As submitted by the proposer:
Hair is an evidentiary sample that typically does not provide sufficient nuclear DNA for forensic analysis. Thus, state-of-the-art forensic analyses for hair samples includes subjective microscopic evaluation and mitochondrial DNA (mtDNA) analysis, which can result in imprecise and inadequate conclusions. However, recent research suggests protein sequence variation in hair can be exploited for human identification purposes. Unfortunately, forensic hair research with limited sample amounts has been performed with a focus on either DNA or protein in isolation, thus limiting the forensic potential of hair samples.
The Battelle team propose a fundamental/basic research 12-month program to develop and demonstrate a method that can be used to obtain both whole mt-genome haplotype and proteomic profiles from a single limited hair sample. The method will provide much larger discriminatory power than the current state-of-the-art without disrupting current forensic practices. The goal of the proposed project will be accomplished through the teams genomics and proteomics expertise, experience, and facilities.
The Battelle team will conduct logical tests and evaluations of already-conceptualized and partially tested workflows for the recovery and analysis of mtDNA and proteins from various hair samples. Protein and mtDNA will be analyzed using protein and DNA sequencing technology (mass spectrometry and massively parallel sequencing, respectively).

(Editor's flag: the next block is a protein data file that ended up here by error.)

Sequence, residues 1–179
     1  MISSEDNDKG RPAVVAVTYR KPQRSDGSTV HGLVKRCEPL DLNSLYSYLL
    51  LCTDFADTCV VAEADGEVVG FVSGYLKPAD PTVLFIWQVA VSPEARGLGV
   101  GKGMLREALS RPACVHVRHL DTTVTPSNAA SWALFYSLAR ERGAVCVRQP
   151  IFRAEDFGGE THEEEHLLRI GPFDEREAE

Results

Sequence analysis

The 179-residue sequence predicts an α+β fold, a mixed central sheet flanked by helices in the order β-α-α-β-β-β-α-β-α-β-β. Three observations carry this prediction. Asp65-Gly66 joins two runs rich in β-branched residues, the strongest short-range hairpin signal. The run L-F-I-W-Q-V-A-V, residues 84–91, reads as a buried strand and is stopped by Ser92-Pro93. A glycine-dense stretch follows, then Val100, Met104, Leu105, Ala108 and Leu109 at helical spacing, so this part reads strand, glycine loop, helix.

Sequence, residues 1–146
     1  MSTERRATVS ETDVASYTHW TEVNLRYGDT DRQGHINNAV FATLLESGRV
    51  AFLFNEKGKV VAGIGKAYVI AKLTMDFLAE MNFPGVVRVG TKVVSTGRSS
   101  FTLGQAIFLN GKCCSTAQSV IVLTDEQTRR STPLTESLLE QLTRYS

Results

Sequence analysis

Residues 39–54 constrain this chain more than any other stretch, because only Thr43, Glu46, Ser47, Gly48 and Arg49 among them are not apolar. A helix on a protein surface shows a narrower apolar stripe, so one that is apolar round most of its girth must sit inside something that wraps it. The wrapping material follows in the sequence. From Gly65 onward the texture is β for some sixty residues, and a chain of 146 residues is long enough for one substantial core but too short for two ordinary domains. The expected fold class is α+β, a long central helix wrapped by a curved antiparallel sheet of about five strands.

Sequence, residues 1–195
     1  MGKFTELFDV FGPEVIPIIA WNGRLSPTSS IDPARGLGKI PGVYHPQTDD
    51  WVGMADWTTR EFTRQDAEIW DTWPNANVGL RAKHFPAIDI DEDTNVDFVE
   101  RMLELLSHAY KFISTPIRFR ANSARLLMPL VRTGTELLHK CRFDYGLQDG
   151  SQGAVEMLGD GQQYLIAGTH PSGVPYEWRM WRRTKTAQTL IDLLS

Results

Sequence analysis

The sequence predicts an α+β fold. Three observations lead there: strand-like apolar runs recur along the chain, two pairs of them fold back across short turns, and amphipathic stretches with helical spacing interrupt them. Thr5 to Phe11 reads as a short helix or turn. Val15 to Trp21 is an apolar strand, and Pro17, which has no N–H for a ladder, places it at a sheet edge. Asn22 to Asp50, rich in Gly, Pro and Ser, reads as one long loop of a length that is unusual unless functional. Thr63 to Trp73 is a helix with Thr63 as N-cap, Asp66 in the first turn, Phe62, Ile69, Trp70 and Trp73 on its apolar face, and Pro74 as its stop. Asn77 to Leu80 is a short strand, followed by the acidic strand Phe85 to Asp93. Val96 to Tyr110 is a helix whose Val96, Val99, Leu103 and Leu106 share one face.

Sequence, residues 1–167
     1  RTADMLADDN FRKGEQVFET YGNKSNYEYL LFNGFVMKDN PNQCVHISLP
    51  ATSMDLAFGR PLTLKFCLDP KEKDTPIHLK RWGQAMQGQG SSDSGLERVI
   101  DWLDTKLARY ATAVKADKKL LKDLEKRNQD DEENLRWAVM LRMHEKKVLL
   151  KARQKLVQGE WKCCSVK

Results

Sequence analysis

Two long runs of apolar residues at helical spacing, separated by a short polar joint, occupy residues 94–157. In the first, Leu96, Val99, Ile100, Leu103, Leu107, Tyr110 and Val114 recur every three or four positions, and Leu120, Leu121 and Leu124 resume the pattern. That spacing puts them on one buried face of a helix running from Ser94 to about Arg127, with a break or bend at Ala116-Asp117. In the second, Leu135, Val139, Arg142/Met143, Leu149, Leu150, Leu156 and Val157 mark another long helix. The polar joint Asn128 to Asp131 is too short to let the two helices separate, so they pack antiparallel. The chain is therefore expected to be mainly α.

The workflow will be developed and verified across two independent laboratories (Battelle and the University of California, Davis) using hair samples collected from a cohort of diverse individuals and multiple sources (head, pubic, and limb) to rigorously test the workflow across a range of hair types.
The proposed research program will provide a foundation for the implementation of an mtDNA-compatible proteomic workflow. Once fully implemented and validated, the Battelle team expects the method could be used in forensic crime labs for routine human identification from hair samples.
The resulting data from the developed workflow will dramatically and objectively increase the probability of exclusion above what the traditional molecular biological analysis of hair offers.
Data generated by our program will minimally be disseminated via publishing in at least one peer-reviewed scientific journal, and at least one presentation at a forensic conference in addition to informal webinars, newsletters, and discussions with the forensic community.
Note: This project contains a research and/or development component, as defined in applicable law, and complies with Part 200 Uniform Requirements - 2 CFR 200.210(a)(14).